Network interfaces on high performance SDRs are required for the high data throughput; these tend to be ethernet fibre optic cables using SFP+ ports on the device. Examples of important network interface parameters are ethernet framing, 10GBASE-R/40GBASE-R/100GBASE-R data rates, latency, etc. The network interface is important since this is how the IQ samples are streamed to/from the host machine for the various types of processing that may occur.

The Importance of These Components to the SDR Application

Modern SDRs are used for a wide range of applications such as spectrum monitoring, mmWave (5G) networks, satellite communications (SatCom), automotive sensing and ranging, and low latency applications. Depending upon the particular application, some SDR components are more critical than others. In this section we’ll discuss some major SDR applications and briefly present critical performance parameters and the components associated with those parameters.

SDRs in Spectrum Monitoring and Recording

Generally, during spectrum monitoring applications, very wide bandwidth SDRs are required to scan/sweep the entire spectrum of interest. This requires a very fast and high-resolution ADC and a very high throughput from the ADC to the SFP+ ports. The highest bandwidth SDRs have amplifiers that are very linear to gain very weak signals over a large bandwidth and are the obvious choice for such applications. Another consideration are the filters, which ensure that the SDR can narrow into bands of interest and filter out unwanted signals when electromagnetic interference or a jamming device is detected during wide band spectrum monitoring. In order to process the very large amounts of the RF spectrum being captured, network interfaces with 40GBASE-R are required.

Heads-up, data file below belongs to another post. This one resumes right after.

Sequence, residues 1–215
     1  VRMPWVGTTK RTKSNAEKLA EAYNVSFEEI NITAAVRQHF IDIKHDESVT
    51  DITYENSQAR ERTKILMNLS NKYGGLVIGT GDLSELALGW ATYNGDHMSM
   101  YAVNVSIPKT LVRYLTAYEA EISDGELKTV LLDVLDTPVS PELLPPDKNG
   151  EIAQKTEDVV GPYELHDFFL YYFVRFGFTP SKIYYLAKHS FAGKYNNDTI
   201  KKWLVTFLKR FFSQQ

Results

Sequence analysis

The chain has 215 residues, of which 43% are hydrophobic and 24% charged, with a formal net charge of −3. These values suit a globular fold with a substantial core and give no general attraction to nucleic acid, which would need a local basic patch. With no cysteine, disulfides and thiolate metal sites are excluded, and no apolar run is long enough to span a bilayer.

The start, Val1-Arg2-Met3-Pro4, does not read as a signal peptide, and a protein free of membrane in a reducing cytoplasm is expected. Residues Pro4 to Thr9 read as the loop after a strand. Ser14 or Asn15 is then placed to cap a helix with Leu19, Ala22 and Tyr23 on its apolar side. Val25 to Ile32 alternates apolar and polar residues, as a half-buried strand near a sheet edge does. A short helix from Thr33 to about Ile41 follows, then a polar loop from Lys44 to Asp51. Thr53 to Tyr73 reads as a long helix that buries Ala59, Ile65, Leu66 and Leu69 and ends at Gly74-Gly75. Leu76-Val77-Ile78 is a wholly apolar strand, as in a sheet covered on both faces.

SDRs in mmWave (5G) Networks

The millimeter-wave (mmWave) frequency spectrum ranges from 30 to 300 GHz, and 5G technology will typically utilize the lower regions (28/38 GHz) of this mmWave spectrum. For such extremely high frequencies (30-300 GHz), the ADCs and DACs must handle very high sample rates/frequencies. For the accuracy and high bandwidth of mmWave networks, very good clocks are required so that no jitter shows up as distortion on the signal, artifacts on the carrier, or spurious frequencies (spurs) on either side of the nominal carrier of the sampled data. Clocks are also very important to support the phase coherency required in beamforming/beamsteering of directional antennas for 5G cellular network nodes.

SDRs for SATCOM

For satellite communication (SATCOM) applications, power supplies are especially important, not only because you’ll likely need one that is able to have an input voltage from a solar cell type battery, but also because these devices will also require shielding from solar radiation. Another important parameter would be the dynamic range. SDRs are used in both SatCom ground stations and satellites in orbit, both of which require very sensitive radio front ends that have a good dynamic range and a low noise floor. Dynamic range is determined mainly by the ADCs as the ratio of maximum input power level to lowest input power level that an ADC can process. In addition to this, filters are also crucial for optimal communications in GNSS bands to realize interference resistant navigation systems (eg: GPS L1/L2 band, Galileo E1/E5a-E5b/E6 bands, GLONASS G1/G2/G3 bands).

Low Latency

Applications of low-latency links include high frequency trading, which requires extremely accurate and fast clocks to execute trades. Additionally, time stamping of financial transactions/trades may also be required by law in some jurisdictions at very specific times. FPGA code can be developed to support flow controls depending on how computationally intensive the processing is, or how large the encoded message is that’s being sent over the link, etc. DACs/ADCs with very low converter (de)serialization delays can reduce overall latency in the system. Thus, lowest latency SDR would be highly desirable for such latency critical applications.

Figure 3: High performance SDRs from Per Vices can be customized to support many applications.

Click here to learn more about Per Vices on everything RF.

Click here to view Software Defined Radios from Per Vices.

 

Contributed by :